By Elaine S. Povich Stateline.org
WWR Article Summary (tl;dr) As Elaine Povich reports, "The gig-economy model for pet care has disrupted a standing industry in somewhat the same way that ride-hailing services upended the taxi industry. And just like in those cases, cities and states are scrambling to make their regulations fit."
All Connecticut state Rep. Kim Rose wanted was to make sure home-based "doggie day cares" followed the same health and safety rules as commercial kennels. It sounded deceptively simple.
But as soon as the Democrat introduced her bill in January, web-based pet care services such as Rover and Wag worked to exempt their business model from the bill. They feared that making their contractors subject to the same licensing and taxes as a commercial kennel would undermine their business.
Often referred to as the Uber and Lyft of the pet care industry, Rover and Wag contract with freelance dog walkers, pet sitters and in-home pet care workers. Those workers are linked up via the companies' apps and sent to clients' houses on demand. Very often, the workers keep pets in their own homes, sometimes during the day, sometimes overnight.
The gig-economy model for pet care has disrupted a standing industry in somewhat the same way that ride-hailing services upended the taxi industry. And just like in those cases, cities and states are scrambling to make their regulations fit.
In addition to Connecticut, many other states and cities, including Colorado, Massachusetts and California, are grappling with overseeing the pet care platforms, whether by implementing new statutes or considering legislation that specifically addresses how they do business.
Yet Rover and Wag have successfully fended off regulations in state after state in recent years, earning exemptions that relieve their gig workers from the oversight required of kennels and pet care professionals.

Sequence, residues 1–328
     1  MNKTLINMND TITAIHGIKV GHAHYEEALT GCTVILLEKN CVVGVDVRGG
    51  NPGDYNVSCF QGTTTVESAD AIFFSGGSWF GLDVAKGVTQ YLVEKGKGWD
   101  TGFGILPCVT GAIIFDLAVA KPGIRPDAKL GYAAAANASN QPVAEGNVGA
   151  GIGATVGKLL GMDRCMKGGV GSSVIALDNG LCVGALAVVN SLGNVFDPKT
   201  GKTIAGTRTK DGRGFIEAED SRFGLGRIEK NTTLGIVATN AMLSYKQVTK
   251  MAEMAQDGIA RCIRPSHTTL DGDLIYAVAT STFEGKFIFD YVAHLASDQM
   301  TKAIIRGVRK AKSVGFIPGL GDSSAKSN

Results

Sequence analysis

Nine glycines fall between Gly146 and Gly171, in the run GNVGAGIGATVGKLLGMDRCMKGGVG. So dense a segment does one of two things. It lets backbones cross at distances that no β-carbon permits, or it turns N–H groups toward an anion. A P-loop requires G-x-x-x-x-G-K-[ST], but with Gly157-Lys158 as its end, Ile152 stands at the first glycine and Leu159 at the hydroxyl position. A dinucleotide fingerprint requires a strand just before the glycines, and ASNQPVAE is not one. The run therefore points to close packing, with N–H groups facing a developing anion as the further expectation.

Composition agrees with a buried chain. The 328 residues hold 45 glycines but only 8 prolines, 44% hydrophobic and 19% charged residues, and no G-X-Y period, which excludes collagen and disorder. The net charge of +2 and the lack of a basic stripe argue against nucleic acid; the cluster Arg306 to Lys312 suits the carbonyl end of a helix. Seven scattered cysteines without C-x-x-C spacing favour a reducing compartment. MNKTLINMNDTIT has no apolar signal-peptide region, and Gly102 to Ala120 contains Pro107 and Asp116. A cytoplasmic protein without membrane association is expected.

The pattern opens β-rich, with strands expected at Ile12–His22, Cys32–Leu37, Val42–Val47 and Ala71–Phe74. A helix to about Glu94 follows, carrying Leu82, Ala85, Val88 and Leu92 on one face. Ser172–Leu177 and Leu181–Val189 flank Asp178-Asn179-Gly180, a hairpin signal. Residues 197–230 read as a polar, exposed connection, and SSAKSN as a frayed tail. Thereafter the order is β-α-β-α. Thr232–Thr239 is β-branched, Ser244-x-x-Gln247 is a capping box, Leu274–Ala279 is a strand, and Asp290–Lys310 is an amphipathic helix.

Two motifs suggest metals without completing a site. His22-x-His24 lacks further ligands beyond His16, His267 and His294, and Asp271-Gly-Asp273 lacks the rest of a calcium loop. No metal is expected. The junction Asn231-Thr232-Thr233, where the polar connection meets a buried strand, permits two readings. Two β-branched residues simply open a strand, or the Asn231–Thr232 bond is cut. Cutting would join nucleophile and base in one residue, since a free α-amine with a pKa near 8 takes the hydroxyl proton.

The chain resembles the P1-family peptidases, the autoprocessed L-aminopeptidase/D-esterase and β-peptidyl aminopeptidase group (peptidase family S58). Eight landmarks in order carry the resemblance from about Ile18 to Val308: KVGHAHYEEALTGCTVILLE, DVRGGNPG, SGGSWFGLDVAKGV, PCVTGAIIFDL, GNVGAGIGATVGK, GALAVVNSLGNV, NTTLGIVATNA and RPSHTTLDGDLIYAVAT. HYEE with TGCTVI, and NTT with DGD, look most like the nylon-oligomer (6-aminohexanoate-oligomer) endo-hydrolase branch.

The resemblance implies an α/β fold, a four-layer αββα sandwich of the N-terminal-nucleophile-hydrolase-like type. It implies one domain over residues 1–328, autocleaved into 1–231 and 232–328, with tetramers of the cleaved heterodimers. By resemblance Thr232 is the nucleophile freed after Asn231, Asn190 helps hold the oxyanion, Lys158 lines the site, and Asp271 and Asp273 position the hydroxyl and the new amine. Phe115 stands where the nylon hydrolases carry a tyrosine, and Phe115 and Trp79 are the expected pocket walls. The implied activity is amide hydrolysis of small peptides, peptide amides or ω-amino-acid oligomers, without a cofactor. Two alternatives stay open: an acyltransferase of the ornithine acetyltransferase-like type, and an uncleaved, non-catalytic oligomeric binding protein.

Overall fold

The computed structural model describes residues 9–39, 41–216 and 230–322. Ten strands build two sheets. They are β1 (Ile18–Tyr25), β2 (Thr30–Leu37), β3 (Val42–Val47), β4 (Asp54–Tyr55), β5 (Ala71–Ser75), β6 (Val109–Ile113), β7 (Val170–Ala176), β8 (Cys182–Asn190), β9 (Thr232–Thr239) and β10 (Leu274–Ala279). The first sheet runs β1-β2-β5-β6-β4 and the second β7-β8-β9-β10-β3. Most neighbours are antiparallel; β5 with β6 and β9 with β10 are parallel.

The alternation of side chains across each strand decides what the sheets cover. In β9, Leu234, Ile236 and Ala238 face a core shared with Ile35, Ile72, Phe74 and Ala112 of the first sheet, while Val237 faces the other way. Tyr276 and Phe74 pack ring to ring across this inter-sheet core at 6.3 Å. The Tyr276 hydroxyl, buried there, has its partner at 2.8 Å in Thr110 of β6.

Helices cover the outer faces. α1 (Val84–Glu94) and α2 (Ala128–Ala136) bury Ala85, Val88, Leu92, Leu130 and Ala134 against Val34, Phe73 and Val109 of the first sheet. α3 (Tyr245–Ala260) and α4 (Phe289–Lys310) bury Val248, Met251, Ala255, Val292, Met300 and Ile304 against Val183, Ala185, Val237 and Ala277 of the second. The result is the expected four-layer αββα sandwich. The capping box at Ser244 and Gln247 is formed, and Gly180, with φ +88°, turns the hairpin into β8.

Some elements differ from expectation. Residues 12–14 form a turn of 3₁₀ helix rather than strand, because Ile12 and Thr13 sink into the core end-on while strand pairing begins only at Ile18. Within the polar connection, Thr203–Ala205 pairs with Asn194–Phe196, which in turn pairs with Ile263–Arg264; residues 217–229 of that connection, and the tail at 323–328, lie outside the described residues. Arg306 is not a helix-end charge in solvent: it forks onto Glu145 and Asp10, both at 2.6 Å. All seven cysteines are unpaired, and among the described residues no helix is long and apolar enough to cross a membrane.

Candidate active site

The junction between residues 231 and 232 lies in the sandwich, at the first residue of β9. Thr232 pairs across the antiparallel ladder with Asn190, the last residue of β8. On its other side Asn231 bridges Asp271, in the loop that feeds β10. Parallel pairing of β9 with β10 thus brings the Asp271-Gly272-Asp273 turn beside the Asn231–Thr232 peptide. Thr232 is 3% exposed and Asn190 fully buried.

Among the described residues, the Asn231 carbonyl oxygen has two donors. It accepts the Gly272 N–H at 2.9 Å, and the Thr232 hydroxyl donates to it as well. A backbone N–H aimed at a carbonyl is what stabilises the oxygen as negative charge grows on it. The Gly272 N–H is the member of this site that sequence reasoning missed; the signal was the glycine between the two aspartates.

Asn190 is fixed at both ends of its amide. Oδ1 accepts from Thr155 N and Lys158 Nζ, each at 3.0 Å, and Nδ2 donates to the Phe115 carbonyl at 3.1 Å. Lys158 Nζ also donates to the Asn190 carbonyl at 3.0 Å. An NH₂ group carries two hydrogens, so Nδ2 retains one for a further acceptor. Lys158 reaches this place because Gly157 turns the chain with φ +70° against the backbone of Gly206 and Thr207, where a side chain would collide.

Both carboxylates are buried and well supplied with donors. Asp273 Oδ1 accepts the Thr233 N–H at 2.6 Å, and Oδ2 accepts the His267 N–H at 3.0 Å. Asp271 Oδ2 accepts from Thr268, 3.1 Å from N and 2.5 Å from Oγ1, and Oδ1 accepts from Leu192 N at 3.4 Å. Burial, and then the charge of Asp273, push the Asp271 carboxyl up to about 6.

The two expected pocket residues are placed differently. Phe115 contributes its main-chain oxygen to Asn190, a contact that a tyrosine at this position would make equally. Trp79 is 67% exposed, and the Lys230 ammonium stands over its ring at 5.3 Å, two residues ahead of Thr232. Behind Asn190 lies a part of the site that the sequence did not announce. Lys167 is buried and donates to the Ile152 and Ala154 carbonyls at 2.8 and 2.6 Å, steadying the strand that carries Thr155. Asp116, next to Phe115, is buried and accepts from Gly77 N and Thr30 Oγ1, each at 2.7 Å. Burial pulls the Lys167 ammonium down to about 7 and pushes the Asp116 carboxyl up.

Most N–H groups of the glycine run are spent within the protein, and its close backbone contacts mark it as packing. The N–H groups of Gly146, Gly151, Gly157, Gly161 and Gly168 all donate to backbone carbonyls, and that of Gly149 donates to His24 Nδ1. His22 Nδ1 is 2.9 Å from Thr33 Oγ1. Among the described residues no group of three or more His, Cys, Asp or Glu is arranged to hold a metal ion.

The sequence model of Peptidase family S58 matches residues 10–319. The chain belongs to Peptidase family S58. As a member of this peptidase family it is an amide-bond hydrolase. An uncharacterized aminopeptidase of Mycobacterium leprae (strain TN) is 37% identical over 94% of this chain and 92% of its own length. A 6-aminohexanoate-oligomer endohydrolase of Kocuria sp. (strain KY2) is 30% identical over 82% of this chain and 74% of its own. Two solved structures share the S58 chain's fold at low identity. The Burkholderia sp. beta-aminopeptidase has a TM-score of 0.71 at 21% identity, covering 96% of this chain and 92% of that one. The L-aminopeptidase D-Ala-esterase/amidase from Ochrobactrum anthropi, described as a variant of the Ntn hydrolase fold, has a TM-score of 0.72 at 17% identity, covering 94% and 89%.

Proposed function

As a result, millions of pets are being walked, boarded and cared for by people with no formal training or licensing, whom consumers often don't know personally and whose homes haven't been inspected. Traditional kennels say the exemptions aren't fair and put animals at risk.
But critics of more regulation say the lax oversight makes sense for gig pet sitters, calling some state lawmakers' efforts to license dog walkers government overreach and pointing out that unlicensed babysitters routinely care for children.
The app-based model works well for on-call pet sitters, like college students picking up a little extra cash, but it threatens professional pet care operations, said Erin Hatton, a sociology professor at the University of Buffalo who has studied the gig economy.
"For those other businesses that are subject to regulations and licensure, it could disrupt them very much, and, one could argue, unfairly," she said in a phone interview. For example, kennels pay taxes, obtain businesses licenses and are subject to inspections, none of which applies to freelance dog walkers and pet sitters.
The online companies argue a house or apartment shouldn't be regulated the same as a kennel. John Lapham, general counsel at Rover, said the company has lobbied to shape the bills in at least seven states with legislation either passed or pending.
"Connecticut was not looking to regulate [only] the kinds of things Rover does, they were looking to regulate things that folks in Connecticut have been doing forever, walking dogs, watching pets," Lapham said. "The notion that you might watch a dog for a week, and they give you 50 bucks, and you need a $400 kennel license is absurd."
In addition to dog walking and pet sitting, Rover workers can housesit or do "drop in" visits with animals to feed them, let them out for a few minutes or administer medicine.
Lobbying Efforts After lobbying by the pet sitting platforms, Connecticut this year passed a different bill that exempted homes, apartments or facilities where three or fewer dogs are boarded from laws regulating kennels. That's exactly what the pet sitting platforms were seeking.